AboutNaheen Madarbakus-Ring is a lecturer at Nagoya University of Commerce and Business in Japan. She has taught in South Korea, the UK and New Zealand. Naheen received her PhD in Applied Linguistics at Victoria University of Wellington (NZ). Her research areas include listening strategies, curriculum and material development.
Language Skills Listening SIG Forum more
Sun, Nov 14, 10:45-12:15 Asia/Tokyo
The forum, divided into three parts, will first showcase the Listening SIG. This will include outlining our communication, events, and publication initiatives. The second part will consist of a guest speaker presenting recent research conducted in the area of listening. The third part will be convened as an annual general meeting and then a panel discussion for both SIG members and guests to share their own experiences and accounts of research developments.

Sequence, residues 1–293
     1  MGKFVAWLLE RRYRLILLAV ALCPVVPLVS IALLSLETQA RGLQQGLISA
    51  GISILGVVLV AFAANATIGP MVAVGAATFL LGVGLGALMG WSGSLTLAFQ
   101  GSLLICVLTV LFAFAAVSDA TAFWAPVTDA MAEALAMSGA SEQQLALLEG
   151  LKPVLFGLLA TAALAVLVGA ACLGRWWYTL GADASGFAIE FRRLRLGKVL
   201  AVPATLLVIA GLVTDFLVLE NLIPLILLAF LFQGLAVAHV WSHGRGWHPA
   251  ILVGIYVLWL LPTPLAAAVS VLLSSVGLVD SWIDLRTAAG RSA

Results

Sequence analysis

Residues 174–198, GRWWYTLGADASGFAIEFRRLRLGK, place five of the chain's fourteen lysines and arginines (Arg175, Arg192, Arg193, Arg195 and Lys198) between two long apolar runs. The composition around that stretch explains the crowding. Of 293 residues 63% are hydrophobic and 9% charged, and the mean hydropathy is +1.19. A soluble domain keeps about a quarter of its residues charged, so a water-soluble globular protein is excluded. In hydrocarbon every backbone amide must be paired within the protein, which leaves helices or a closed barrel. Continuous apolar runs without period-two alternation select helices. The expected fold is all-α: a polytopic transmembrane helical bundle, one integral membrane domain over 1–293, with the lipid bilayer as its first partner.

Language Classroom Content & Pedagogy Teaching Observations From the Pre-Sessional Listening Classroom more
Sat, Nov 13, 13:25-13:50 Asia/Tokyo
Research investigating listening lessons has shown how teachers prioritise vocabulary-based and problem-solving opportunities but give grammar and background knowledge a lower priority. This presentation outlines three teachers’ current listening practices in a pre-sessional EAP course at a New Zealand university. Three classroom observation lessons and interviews outline the teachers’ use of the textbook, supplementary materials, and feedback. The presentation also provides listening-based suggestions for educators to use in their own tertiary-level listening classrooms.
Language Classroom Content & Pedagogy Hitting the Lexical Keynote: A Textbook Vocabulary Load Analysis more
Sat, Nov 13, 15:25-15:50 Asia/Tokyo
Textbooks offer teachers guidance and support in their teaching and provide learners with a familiar lesson framework in learning. However, textbooks present many lexical, syntactic, and grammatical challenges for learners. This study investigates the lexical profile and vocabulary load of two popular university-assigned ELT textbooks. Upon the vocabulary analysis of each textbook and their subsequent units, the results show the lexical demands required for second language learners in ELT and Japanese tertiary-level programmes.